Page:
“Last week, I was at a dinner, when a minister seated at my table said snidely ‘she writes very critically about me and attacks me on TV’. And I turned to him with a smile and said ‘you’re very lucky it is only occasionally’,” said De, while speaking at the Karachi Literature Festival, which kicked off on Saturday.
“He told the host he had a stomach ache and was gone within five minutes,” she continued, wittingly.
Possibly the most glamorous 64-year-old on both sides of the border, De didn’t disappoint to live up to her ‘Superstar writer’ title.
De is primarily known as a gossip columnist, despite having worked on 17 novels – her 25-year-old Socialite Evenings now a Penguin classic – and appearing as a panellist on many television shows about women in India.
This is, perhaps, because of her unapologetic stand on refusing to weave a narrative from the perspective of a victim – a role that most women writers in the subcontinent have taken upon themselves.
“Women are meant to write about suppression, depression, oppression and repression; I understand, but that’s not my life. I don’t want to glorify suffering or make women martyrs and victims in our society,” she explained. And she was honest about it: “It would be hypocritical.”
Almost wishfully, she added, “It would be so much more pleasant if we could do away with the filter of gender.”
De also questioned why women have to be referred to by their gender before their profession. “I am against this categorisation. You don’t say male doctor, male writer, male sportsperson, then why woman writer? As a publisher myself today, I protest against tags like Chicklit, which are meant to communicate that ‘oh, we don’t take it seriously; we enjoy it and then chuck it away’.”
De’s disdain for all prescribed roles is underlined in her latest book, Shobhaa At Sixty.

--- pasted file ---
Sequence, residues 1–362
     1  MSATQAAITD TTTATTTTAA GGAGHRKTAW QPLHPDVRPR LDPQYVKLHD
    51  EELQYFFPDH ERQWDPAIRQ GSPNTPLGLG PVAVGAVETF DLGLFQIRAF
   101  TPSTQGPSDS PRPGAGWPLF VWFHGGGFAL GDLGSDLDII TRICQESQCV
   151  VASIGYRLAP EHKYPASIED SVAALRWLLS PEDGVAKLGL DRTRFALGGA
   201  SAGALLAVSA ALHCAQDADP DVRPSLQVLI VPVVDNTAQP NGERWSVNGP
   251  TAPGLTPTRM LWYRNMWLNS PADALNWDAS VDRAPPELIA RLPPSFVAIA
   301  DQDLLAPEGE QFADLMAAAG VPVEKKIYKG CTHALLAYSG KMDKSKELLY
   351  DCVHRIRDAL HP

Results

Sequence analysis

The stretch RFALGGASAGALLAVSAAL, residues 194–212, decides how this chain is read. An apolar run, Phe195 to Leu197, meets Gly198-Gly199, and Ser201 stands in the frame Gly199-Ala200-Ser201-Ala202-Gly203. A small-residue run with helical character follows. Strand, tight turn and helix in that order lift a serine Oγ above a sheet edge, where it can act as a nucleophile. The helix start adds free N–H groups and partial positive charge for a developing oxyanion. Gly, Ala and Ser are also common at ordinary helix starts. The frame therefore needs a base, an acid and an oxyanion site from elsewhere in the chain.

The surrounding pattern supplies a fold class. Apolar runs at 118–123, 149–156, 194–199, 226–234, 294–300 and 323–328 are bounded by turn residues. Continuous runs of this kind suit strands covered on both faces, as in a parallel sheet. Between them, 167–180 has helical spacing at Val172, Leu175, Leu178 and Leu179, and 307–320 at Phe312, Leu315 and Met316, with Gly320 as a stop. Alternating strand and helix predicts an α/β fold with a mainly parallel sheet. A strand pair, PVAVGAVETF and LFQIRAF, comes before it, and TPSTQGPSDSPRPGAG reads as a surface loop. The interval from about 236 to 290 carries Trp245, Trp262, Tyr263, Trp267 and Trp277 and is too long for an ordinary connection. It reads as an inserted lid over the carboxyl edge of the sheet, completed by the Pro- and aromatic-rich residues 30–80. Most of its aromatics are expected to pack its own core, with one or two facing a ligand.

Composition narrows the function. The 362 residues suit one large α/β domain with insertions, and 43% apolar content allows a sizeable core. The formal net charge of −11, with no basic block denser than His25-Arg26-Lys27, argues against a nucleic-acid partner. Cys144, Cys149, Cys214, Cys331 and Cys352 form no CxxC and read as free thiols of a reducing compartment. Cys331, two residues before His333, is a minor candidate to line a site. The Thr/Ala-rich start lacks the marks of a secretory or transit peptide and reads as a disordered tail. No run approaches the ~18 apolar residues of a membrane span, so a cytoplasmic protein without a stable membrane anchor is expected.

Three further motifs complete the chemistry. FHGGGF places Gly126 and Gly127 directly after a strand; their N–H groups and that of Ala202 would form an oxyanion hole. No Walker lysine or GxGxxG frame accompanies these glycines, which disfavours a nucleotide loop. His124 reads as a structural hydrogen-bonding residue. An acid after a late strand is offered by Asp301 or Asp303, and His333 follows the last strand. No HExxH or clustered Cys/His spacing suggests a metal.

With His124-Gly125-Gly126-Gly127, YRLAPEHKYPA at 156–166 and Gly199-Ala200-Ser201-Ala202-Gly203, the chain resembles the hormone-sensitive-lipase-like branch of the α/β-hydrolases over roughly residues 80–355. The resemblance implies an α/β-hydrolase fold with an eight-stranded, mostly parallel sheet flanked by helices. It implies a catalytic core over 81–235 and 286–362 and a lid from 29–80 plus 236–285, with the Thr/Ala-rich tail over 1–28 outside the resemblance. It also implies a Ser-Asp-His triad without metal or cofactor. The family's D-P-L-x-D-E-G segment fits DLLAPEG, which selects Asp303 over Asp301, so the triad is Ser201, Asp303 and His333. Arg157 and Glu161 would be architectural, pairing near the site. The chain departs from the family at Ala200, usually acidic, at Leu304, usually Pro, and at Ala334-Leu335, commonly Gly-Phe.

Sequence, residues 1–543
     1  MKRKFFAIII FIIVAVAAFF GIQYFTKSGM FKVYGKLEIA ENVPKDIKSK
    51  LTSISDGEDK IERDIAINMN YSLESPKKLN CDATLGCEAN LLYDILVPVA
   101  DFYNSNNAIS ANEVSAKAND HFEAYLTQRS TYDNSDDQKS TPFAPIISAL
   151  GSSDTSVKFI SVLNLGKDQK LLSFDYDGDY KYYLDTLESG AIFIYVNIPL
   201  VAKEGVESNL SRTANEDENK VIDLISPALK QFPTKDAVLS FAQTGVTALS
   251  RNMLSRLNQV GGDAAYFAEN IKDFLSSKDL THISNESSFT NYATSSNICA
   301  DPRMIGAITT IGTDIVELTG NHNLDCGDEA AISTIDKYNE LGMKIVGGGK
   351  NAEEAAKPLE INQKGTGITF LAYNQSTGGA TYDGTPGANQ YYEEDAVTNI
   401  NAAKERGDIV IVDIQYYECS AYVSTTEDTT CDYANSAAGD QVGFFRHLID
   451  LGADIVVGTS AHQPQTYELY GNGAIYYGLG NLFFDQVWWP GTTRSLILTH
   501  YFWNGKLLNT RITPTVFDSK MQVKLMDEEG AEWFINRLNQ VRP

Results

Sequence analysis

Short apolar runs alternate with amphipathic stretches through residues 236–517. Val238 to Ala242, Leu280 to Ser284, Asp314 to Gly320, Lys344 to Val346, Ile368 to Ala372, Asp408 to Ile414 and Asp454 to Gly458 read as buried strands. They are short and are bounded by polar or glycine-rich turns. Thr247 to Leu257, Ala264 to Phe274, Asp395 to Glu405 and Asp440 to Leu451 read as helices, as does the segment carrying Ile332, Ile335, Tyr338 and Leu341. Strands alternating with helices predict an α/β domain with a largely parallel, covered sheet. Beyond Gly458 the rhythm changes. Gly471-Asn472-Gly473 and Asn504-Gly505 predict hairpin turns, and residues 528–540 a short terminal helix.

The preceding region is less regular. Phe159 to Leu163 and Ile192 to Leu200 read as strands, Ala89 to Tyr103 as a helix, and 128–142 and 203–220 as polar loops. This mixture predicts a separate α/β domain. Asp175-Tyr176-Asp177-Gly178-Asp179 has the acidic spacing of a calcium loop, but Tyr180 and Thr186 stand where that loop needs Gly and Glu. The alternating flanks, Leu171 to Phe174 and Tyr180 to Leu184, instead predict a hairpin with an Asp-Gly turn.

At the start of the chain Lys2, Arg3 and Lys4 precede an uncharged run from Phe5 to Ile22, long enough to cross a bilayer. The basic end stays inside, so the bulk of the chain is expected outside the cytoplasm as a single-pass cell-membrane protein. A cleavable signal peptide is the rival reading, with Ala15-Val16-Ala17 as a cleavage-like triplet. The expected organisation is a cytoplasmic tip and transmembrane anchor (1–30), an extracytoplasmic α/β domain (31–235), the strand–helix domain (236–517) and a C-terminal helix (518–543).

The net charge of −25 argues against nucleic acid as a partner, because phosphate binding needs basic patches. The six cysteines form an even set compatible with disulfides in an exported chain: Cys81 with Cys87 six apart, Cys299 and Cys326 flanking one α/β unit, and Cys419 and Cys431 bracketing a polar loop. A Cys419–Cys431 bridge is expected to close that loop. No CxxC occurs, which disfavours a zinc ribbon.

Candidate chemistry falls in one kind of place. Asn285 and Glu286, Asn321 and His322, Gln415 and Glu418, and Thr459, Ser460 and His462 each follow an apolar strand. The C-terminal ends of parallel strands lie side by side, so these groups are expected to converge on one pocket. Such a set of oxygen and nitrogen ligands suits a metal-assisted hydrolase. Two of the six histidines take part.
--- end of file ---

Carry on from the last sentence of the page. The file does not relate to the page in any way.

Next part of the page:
Like most of her other books, her photograph is splashed on her latest book’s cover. This time, however, it is from a photo shoot she did for Vogue magazine when she turned 60.
Her publishers, almost expectedly, wanted the usual bindi and sandoor as the cover.
“In our society, a woman is cast aside once her childbearing days are over. Once a grandmother, your role is to babysit your grandchildren, while others travel around the world. I have six children and I am a grandmother. But my cover breaks the image of what a 60-year-old should look like.”
But while she speaks openly and candidly against being catergorised, she appears most comfortable in her role as a mother, in every way that society defines it.
Responding to a question by a woman in the audience who said her life plans are on hold while her two-and-a-half year old son takes up all her time, De said, “A two-and-a-half-year old son is a tyrant. Forget about doing anything else until he grows up.”
But, she was careful to add that a woman must not put her life on hold. “I believe all women are essentially born jugglers, we are built to multitask without any song and dance.”
As the session drew to a close, it became apparent that the audience did not want to let her go.
The last question, not surprisingly, was what to expect in her next book.
“It is about an oily, sleazy, despicable politician in Delhi,” she said, adding almost incorrigibly: “I want my future novels to be even raunchier than the old ones.”
Published in The Express Tribune, February 12th, 2012.